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Surnames passing on a bus

The question practically jumped off the screen.

The Legal Genealogist was perusing the latest posts on Facebook and this question appeared, posted by my friend Heather Wilkinson Rojo of Nutfield Genealogy: “Did you ever see a surname somewhere and wonder ‘Are you my cousin’?”1

Oh yeah.

Oh absolutely yeah.

Sometimes it’s just ships passing in the night.

And sometimes, just sometimes, when you ask the follow-up question, you get the answer you really want.

Case in point: On Wednesday, August 27, my cousin Paula and I were attending the 2014 Federation of Genealogical Societies conference in San Antonio. Our mothers — mine the older sister, hers the baby of the family — were both born in Texas so it was a special trip for us.

L-R: Paula, Judy, Ruth

L-R: Paula, Judy, Ruth

We decided to go to the special event that evening, at the Institute of Texas Culture, and decided to take the bus provided by FGS from the hotel to the institute.2

I sat by the window, Paula by the aisle, and as other passengers boarded I went into my usual stare out the window totally oblivious to everything mode until I heard Paula’s whisper.

“Her name tag says Cottrell.”

“Say what?”

“Her name tag,” she repeated, with a nod of the head towards a woman boarding the bus, “says Cottrell.”

That’s our mothers’ maiden name.

Being the shy, retiring type that I am,3 I turned around to the woman, now taking a seat in the row behind us on the far side of the bus.

“Excuse me,” I asked, “but does your name tag say Cottrell?”

It did. And Ruth Cottrell was from Texas.

My radar started pinging. “We could be kin,” I said.

She wasn’t convinced. Her branch of the family, she said, was a pretty localized branch there in a corner of Texas.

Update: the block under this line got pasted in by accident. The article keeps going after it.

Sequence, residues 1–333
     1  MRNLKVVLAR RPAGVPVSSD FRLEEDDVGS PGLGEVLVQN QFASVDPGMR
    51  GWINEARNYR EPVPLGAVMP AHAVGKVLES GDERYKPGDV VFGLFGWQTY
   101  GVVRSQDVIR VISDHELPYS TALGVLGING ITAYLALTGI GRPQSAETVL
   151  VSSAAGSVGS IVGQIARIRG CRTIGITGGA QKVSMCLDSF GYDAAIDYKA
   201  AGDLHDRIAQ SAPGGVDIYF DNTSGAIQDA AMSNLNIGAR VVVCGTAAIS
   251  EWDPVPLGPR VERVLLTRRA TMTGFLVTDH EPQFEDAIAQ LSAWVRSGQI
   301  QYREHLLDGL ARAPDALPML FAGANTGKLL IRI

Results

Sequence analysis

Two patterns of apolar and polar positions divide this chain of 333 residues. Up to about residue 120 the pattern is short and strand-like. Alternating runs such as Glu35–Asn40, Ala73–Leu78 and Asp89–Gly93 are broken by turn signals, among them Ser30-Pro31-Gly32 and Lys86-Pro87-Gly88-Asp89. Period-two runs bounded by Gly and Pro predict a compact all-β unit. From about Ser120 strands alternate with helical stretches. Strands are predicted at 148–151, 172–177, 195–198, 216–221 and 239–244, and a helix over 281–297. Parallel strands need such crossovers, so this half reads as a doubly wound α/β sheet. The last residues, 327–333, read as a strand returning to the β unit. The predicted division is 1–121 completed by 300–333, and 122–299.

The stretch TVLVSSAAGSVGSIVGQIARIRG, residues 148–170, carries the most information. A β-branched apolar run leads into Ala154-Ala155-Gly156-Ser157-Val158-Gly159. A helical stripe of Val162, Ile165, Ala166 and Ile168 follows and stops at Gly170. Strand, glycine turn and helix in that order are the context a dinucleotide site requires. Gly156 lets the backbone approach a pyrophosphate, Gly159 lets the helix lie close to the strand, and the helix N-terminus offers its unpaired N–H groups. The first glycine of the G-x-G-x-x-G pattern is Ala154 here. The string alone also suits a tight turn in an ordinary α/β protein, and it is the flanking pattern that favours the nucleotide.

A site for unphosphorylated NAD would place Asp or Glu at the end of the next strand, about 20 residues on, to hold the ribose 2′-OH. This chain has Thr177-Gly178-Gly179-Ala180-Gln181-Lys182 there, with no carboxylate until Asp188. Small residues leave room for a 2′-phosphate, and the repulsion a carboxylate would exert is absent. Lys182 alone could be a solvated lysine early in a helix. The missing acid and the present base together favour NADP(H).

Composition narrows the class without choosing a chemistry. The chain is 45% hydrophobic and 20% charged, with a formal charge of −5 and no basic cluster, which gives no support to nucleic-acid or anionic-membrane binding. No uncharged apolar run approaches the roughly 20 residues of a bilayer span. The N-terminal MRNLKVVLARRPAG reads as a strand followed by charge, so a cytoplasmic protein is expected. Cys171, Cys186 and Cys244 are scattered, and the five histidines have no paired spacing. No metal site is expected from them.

Where?

Comanche County.

Now the radar is pinging big time. I thought that sounded familiar, so I grabbed my smart phone and did a quick online search.

Sure enough, there was a John Cottrell who’d served in the Civil War and who’d later moved to Comanche County4 who, we were pretty sure, was related somehow.

I mentioned that. She still wasn’t convinced. She’d had her son do YDNA testing, you see, and he only matched a few people.

I pulled up my uncle David’s results in the Cottrell surname project at Family Tree DNA, and asked her for her son’s name.

Sure enough, he only matched a few people in the Cottrell surname project.

And one of those he matches, at the 66-for-67 marker level, is my uncle David.

We spent the rest of the evening, sitting together, trying to figure out who the common ancestor will turn out to be. The big issue for our group of Cottrell men is that there’s virtually no change in the YDNA in any of the lines that descend from Richard Cottrell who died in Henrico County, Virginia, in 1715.

My line ended up in Texas by the mid-1840s. Cousin Ruth’s line ended up there around 1870. A third line was in Alabama by the 1830s. Others never left Virginia. And all the YDNA is ridiculously close — a tight group of 66-for-67 and 67-for-67 marker matches.

We’ll probably have to do more testing to see if we can nail down exactly how far back we have to go before all of our lines converge — it it with Richard? with his son Thomas or son Richard? with a grandson?

But think about the odds.

One person from New Jersey, one from Virginia, one from Texas. All attending not just one conference, but one particular event at the conference, and ending up on the same bus.

Surnames passing on a bus.

How cool is that?


SOURCES

  1. Heather Wilkinson Rojo, status update, 4 Sep 2014, Facebook (http://www.facebook.com : accessed 4 Sep 2014).
  2. It wasn’t that far… but oh… the heat and humidity… wow.
  3. You can quit laughing now.
  4. See “The Life and Timeline of J W Cottrell,” Random Thoughts & Leaps of Faith from the Back Porch (http://myblog.mayberry524.net/ : accessed 5 Sep 2014).
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